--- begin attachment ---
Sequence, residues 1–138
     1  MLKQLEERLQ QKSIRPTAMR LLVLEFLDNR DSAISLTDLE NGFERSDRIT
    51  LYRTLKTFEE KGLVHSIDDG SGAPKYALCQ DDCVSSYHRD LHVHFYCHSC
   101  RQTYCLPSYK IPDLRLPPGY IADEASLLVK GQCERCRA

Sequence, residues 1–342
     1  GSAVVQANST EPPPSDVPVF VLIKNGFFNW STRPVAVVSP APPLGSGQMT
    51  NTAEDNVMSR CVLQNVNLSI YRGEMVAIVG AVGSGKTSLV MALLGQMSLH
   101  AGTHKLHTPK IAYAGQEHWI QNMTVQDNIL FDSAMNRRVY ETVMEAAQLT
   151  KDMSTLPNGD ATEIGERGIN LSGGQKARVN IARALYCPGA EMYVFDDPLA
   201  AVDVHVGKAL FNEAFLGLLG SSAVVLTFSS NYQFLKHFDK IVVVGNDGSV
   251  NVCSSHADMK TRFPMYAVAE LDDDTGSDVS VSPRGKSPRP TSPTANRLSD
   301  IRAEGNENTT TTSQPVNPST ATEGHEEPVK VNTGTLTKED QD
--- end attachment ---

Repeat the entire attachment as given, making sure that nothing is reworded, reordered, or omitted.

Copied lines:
Sequence, residues 1–138
     1  MLKQLEERLQ QKSIRPTAMR LLVLEFLDNR DSAISLTDLE NGFERSDRIT
    51  LYRTLKTFEE KGLVHSIDDG SGAPKYALCQ DDCVSSYHRD LHVHFYCHSC
   101  RQTYCLPSYK IPDLRLPPGY IADEASLLVK GQCERCRA

Sequence, residues 1–342
     1  GSAVVQANST EPPPSDVPVF VLIKNGFFNW STRPVAVVSP APPLGSGQMT
    51  NTAEDNVMSR CVLQNVNLSI YRGEMVAIVG AVGSGKTSLV MALLGQMSLH
   101  AGTHKLHTPK IAYAGQEHWI QNMTVQDNIL FDSAMNRRVY ETVMEAAQLT
   151  KDMSTLPNGD ATEIGERGIN LSGGQKARVN IARALYCPGA EMYVFDDPLA
   201  AVDVHVGKAL FNEAFLGLLG SSAVVLTFSS NYQFLKHFDK IVVVGNDGSV
   251  NVCSSHADMK TRFPMYAVAE LDDDTGSDVS VSPRGKSPRP TSPTANRLSD
   301  IRAEGNENTT TTSQPVNPST ATEGHEEPVK VNTGTLTKED QD